The French manual "How To Train Sprinters" commands enormous sums in the antiquarian bookshops of Paris, and its rarity was underlined yesterday when the Prix de l'Abbaye was exported for the ninth time in 10 years. In fact, the first three were all trained in the North of England, the Lancastrian favourite, Reverence, being sandwiched between the Yorkshire-trained pair Moss Vale and the shock winner, Desert Lord.
Last at Goodwood three weeks ago, Desert Lord has just emerged from handicaps but he did haul Benbaun five lengths clear of the pack at the Curragh on his previous start and Kevin Ryan is adamant about his quality on fast ground. Despite deluges the previous evening, conditions were unexpectedly lively and Reverence, who had won successive Group Ones in the mud, could not cope with the winner's early pace. Little wonder, for his time has been surpassed in this only by Habibti in 1983.
After serial near-misses, Ryan was finally consolidating his breakthrough of last year and will now prepare Desert Lord for the Hong Kong Sprint. It also completed a lucrative weekend for Jamie Spencer, following a switch to Formal Decree when Cesare was scratched from the Cambridgeshire.
"I knew he'd be hard to peg back if he got on the lead," Ryan said. "His times were up there at this level and the clock doesn't lie. He's a fast, genuine horse. They came at him but he didn't stop. With his love of the ground I think he has the ideal profile for Hong Kong."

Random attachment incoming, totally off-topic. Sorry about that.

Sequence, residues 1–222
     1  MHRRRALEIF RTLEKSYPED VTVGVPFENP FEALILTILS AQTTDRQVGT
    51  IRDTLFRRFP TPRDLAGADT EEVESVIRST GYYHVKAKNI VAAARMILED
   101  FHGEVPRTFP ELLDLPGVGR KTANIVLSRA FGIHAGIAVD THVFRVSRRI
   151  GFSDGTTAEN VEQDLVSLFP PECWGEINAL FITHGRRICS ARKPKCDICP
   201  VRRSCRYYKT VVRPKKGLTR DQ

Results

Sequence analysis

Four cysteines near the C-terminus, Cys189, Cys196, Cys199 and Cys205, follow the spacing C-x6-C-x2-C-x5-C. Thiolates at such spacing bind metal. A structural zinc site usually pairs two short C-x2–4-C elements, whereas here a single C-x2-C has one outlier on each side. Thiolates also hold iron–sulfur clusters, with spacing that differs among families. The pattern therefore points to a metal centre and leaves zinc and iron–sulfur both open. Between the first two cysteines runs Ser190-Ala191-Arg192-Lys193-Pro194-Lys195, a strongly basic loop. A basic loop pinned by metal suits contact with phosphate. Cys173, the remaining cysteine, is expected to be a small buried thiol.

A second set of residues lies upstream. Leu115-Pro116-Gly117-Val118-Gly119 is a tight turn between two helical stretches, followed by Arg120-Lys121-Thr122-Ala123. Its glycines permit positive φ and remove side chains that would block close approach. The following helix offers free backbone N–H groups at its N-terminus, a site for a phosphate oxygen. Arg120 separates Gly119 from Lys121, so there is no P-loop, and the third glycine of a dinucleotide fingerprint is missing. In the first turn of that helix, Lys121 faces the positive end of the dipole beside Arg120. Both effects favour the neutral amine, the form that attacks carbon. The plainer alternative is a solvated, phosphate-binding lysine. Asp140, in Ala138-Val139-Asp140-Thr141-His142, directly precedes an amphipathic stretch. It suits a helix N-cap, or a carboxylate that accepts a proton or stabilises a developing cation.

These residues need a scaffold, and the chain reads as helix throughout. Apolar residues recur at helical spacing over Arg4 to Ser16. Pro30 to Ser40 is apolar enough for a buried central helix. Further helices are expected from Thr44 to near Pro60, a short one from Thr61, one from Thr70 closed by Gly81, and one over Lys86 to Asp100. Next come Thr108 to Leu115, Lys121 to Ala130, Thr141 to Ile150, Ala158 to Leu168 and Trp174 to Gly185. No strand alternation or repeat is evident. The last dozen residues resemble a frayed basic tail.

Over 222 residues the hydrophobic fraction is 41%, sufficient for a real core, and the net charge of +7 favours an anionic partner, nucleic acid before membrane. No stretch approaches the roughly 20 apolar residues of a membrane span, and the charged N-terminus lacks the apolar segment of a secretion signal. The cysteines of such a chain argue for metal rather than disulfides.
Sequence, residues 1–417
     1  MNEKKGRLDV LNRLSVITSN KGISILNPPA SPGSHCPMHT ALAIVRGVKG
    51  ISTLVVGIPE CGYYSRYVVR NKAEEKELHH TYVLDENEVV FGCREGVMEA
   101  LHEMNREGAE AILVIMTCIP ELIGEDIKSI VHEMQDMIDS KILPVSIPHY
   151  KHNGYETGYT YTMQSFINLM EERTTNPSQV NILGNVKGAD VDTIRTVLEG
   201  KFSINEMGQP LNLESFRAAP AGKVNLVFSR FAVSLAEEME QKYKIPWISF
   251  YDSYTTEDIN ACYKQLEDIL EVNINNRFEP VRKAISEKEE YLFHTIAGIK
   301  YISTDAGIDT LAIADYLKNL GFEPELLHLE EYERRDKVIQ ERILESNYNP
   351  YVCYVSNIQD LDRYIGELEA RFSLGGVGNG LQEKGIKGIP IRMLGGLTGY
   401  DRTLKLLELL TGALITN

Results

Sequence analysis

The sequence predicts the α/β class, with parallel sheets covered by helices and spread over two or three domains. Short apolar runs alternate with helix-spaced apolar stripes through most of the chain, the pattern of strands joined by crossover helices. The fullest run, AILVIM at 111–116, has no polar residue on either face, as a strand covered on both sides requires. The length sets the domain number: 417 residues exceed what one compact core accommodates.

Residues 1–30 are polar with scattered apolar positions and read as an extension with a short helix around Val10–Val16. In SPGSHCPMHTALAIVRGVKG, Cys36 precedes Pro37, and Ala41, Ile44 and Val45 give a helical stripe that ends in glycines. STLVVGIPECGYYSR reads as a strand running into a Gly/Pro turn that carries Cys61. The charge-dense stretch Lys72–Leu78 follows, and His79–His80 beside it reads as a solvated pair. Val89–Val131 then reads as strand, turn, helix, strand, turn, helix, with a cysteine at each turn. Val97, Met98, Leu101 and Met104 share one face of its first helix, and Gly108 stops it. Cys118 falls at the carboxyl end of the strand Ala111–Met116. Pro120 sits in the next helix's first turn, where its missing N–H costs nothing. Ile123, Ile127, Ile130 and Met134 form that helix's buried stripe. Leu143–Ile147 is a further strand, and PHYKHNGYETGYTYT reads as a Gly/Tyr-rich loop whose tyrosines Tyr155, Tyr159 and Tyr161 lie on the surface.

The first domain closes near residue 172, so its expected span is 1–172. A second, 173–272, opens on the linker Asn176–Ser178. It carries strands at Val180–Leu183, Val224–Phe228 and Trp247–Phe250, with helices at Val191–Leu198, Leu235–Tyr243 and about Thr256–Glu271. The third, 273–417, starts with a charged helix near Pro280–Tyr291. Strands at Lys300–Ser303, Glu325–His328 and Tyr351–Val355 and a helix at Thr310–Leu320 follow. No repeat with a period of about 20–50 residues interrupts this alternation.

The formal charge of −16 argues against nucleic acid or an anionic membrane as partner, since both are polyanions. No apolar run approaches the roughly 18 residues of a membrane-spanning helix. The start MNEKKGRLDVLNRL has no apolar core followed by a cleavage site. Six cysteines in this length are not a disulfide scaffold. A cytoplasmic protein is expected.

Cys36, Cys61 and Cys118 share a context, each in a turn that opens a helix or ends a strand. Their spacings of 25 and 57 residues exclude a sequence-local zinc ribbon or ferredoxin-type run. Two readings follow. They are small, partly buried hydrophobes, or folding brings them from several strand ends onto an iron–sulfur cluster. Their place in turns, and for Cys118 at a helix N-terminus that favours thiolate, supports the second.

Another Group One prize found its way to rural Britain when Sergeant Cecil earned yet another set of stripes in the Prix du Cadran. Having struggled to cut the mustard when first promoted to Group company, the Devonshire yeoman has really flourished this autumn and this was his finest hour yet. Frankie Dettori still had a lot of ground to make up in the straight, but they were slugging it out in front and Sergeant Cecil, who has a potent turn of foot for a stayer, pounced close home.
"Even better than a Cheltenham Festival winner," Rod Millman, his proud trainer, said of the reception from travelling fans. "He is unbelievable, a seven-year-old who gets better and better."
Dettori paid tribute to Alan Munro, missing another big win while he awaits a resolution to medical problems. "Alan made this horse," Dettori said. "I spoke to him about the way to ride him best and I know I speak for everyone in the weighing room when I wish Alan a quick recovery."
The showdown between Alexandrova and Mandesha in the Prix de l'Opera had been eagerly anticipated, but the Irish filly, dropped in trip, was rushed off her feet and laboured into third, while it required a daring run up the rail for Mandesha to catch Satwa Queen. On this evidence her owner, the Aga Khan's daughter, Princess Zahra, did the right thing in declining the Arc.
"When we decided to keep her in training as a four-year-old it made the decision easier as we can try [for the Arc] next year," she said.Reuse content